Empathy's Mess

empathy

In an interview, Leslie Jamison, author of the very recently published The Empathy Exams, offers up a counterintuitive defense of empathy: “I’m interested in everything that might be flawed or messy about empathy — how imagining other lives can constitute a kind of tyranny, or artificially absolve our sense of guilt or responsibility; how feeling empathy can make us feel we’ve done something good when we actually haven’t. Zizek talks about how 'feeling good' has become a kind of commodity we purchase for ourselves when we buy socially responsible products; there’s some version of this inoculation logic — or danger — that’s possible with empathy as well: we start to like the feeling of feeling bad for others; it can make us feel good about ourselves. So there’s a lot of danger attached to empathy: it might be self-serving or self-absorbed; it might lead our moral reasoning astray, or supplant moral reasoning entirely. But do I want to defend it, despite acknowledging this mess? More like: I want to defend it by acknowledging this mess. Saying: Yes. Of course. But yet. Anyway.”

What the Language Does

barsIn a review of Romanian writer Herta Muller's recently translated collection Christina and Her Double, Costica Bradatan points to what changing language can do, what it can't do, and how those who attempt to manipulate it may also underestimate its power: “Behind all these efforts was the belief that language can change the real world. If religious terms are removed from language, people will stop having religious feelings; if the vocabulary of death is properly engineered, people will stop being afraid of dying. We may smile today, but in the long run such polices did produce a change, if not the intended one. The change was not in people’s attitudes toward death or the afterworld, but in their ability to make sense of what was going on. Since language plays such an important part in the construction of the self, when the state subjects you to constant acts of linguistic aggression, whether you realize it or not, your sense of who you are and of your place in the world are seriously affected. Your language is not just something you use, but an essential part of what you are. For this reason any political disruption of the way language is normally used can in the long run cripple you mentally, socially, and existentially. When you are unable to think clearly you cannot act coherently. Such an outcome is precisely what a totalitarian system wants: a population perpetually caught in a state of civic paralysis.”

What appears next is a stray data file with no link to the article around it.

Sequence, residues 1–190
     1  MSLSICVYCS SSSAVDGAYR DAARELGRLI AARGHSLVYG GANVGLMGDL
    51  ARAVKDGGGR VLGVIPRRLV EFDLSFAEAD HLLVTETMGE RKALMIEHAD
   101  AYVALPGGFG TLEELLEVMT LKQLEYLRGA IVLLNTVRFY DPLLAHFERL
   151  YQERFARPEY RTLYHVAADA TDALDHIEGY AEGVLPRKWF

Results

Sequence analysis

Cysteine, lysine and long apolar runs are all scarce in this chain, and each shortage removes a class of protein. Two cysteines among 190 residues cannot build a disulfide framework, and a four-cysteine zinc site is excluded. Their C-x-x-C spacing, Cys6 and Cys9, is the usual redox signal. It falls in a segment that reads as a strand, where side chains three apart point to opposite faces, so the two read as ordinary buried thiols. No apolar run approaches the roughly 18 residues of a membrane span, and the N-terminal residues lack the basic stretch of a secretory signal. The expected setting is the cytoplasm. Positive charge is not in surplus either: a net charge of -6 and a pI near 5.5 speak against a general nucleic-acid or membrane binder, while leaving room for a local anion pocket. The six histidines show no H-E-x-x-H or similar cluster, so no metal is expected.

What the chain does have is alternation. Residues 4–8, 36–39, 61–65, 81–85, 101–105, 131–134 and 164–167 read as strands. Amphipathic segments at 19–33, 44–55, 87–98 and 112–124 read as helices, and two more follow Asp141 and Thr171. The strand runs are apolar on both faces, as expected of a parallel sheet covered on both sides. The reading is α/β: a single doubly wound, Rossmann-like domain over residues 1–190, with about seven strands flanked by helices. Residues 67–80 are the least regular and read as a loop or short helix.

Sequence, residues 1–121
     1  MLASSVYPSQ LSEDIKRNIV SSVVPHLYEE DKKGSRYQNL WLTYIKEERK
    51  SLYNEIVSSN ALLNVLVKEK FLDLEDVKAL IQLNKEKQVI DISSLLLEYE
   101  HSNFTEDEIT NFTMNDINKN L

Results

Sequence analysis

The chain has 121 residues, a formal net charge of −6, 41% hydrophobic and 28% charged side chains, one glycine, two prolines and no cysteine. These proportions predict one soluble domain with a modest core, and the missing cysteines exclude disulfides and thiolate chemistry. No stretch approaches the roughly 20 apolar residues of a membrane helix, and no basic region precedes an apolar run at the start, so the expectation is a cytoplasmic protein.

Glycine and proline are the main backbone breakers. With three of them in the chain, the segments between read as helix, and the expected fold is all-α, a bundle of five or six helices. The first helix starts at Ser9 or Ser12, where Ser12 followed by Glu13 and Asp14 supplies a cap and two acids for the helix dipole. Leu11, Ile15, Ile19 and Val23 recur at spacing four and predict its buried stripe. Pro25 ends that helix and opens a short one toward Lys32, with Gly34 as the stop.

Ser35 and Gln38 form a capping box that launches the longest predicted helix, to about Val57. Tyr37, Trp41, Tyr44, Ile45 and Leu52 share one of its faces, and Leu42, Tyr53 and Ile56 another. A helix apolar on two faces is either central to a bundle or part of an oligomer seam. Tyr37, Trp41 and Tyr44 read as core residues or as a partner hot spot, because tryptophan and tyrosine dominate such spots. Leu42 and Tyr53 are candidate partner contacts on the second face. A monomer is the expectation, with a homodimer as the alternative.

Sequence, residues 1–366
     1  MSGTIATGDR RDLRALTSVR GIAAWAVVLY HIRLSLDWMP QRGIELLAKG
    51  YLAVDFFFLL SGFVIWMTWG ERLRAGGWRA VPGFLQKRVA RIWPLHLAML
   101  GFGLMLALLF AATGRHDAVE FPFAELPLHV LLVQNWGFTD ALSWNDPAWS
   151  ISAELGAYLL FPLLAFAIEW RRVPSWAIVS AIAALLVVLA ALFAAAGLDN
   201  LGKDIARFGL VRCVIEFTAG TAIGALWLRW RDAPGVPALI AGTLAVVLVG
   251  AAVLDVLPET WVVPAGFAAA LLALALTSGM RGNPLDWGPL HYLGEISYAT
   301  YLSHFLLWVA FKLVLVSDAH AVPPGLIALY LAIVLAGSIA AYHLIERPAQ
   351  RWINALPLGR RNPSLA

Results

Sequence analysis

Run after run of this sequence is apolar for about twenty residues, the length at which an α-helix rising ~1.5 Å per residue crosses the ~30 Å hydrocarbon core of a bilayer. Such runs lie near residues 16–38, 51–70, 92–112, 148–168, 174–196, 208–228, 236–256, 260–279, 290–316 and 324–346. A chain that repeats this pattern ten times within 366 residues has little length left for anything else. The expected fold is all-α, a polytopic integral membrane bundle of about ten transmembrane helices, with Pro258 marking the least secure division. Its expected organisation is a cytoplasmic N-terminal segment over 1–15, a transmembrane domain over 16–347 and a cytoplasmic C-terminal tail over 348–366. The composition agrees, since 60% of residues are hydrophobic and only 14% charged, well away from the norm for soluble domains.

Humanities and Human Life